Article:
• Active Directory—A collection of objects. These objects and their definitions are as follows:
• Object classes—These are the types of objects that can be created in the directory. Object classes have attributes associated with them, which compose the object class. Users, for example, are a class of objects. First Name and Last Name are examples of attributes that are associated with the Users object class.
• Objects—These are the instances of the object classes that you create. When you create a user object, it is based on the object class.
• Attributes—These are the characteristics, or fields, that make up the object class. Each object’s attributes, as well as the values that each can contain, are defined in the object classes. Attributes can be either mandatory or optional. Again, when a user object is created, attributes on that object are populated. Examples of such attributes are First Name, Last Name, and Display Name.
• Schema—The schema contains all of the Active Directory object classes and attributes. The dictionary defines what is in the Active Directory database.
Objects in Active Directory are organized into containers. A container itself is a directory object that holds other objects. The types of containers that Active Directory uses to organize objects are as follows:
• Organizational units (OUs)—Items that contain objects for organizing those objects. Objects within an OU can be treated as a collection of objects when Group Policy objects are associated with an OU.
• Containers—Items differ from OUs in that, although they are built into Active Directory, they can't have Group Policy objects associated with them. The Users container is an example of a container.
• Domains—Containers that also define a security context. This means that Active Directory is written to treat all objects within a domain by the same rules.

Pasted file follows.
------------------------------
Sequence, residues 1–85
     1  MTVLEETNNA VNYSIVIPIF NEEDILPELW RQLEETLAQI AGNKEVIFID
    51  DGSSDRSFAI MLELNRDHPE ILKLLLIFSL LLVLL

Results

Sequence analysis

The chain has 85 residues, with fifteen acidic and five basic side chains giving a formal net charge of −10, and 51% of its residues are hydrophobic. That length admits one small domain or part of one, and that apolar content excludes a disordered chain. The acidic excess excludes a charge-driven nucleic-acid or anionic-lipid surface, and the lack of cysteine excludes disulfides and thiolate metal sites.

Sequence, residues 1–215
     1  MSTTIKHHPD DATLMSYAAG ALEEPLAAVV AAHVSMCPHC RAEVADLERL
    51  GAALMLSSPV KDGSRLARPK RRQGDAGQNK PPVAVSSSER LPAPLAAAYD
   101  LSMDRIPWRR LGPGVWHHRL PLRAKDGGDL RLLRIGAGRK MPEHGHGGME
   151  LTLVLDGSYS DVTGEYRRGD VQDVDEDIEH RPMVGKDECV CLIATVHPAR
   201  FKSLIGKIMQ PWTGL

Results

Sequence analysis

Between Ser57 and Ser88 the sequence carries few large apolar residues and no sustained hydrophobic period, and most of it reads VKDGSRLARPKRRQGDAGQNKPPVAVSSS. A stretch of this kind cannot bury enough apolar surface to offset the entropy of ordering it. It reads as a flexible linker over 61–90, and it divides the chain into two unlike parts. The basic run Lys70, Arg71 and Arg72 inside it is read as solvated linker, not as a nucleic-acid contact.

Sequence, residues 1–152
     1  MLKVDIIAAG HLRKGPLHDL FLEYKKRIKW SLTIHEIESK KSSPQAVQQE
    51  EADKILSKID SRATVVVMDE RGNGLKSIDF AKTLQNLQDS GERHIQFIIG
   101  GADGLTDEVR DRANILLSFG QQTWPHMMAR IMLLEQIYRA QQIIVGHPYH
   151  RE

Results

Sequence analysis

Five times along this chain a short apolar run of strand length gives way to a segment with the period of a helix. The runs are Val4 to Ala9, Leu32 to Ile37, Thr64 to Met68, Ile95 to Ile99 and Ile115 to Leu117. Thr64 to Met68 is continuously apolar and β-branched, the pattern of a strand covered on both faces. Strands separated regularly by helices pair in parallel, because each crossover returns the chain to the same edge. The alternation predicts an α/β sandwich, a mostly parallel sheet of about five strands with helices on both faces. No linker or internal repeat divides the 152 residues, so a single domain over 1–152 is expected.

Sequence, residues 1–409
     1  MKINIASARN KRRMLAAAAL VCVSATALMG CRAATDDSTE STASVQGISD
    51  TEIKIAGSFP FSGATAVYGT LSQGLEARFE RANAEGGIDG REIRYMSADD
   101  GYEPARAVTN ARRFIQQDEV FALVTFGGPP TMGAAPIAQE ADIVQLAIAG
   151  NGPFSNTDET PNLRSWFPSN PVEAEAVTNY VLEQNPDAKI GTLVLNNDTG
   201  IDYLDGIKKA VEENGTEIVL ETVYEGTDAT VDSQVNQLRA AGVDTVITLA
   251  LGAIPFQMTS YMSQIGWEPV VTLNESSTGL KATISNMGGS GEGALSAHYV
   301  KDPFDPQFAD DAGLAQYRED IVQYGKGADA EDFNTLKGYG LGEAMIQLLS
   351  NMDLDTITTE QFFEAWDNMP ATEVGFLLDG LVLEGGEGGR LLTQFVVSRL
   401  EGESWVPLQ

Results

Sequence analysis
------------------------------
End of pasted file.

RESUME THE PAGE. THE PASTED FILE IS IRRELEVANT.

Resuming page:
• Trees—A collection of one or more domains that share a common namespace. Although all domains trust one another, the tree relationship is defined by the namespace that is necessary to support the domain structure. The root domain of abco.com can have two subdomains named backoffice.abco.com and office.abco.com. This relationship between the root domain and the two child domains forms a tree.
• Forest—A collection of one or more trees. Trees within the forest share the same Active Directory but are not required to share the same namespace. You can therefore have two organizations, such as wadeware.net and wadeco.net, which are contained in a single Active Directory, share the same configuration, GC, and schema partitions, but have different namespaces.
• Global Catalog (GC)—A central source for all directory objects. Not all the attributes from each object are stored in the GC, but there are just enough to make it useful for searching the entire Active Directory. This is because objects replicate among the other DCs within their domain only. Therefore, a user looking for an object in another domain will not be able to find that user's object from his or her DC. Therefore, the user would query the GC server and find the DN for the object. The user could then locate the object in Active Directory.
• Trust relationships—Logical links that combine two or more domains into one administrative unit. This allows permissions to be associated from one domain to another because one domain trusts that the other domain has authenticated its users and that these users are who they say they are.
• Namespace—The DNS type namespace that represents domains. Active Directory is dependent on DNS and the DNS namespace. This makes it important to design your domain topology in a DNS-friendly way, and to provide clients with reliable DNS services.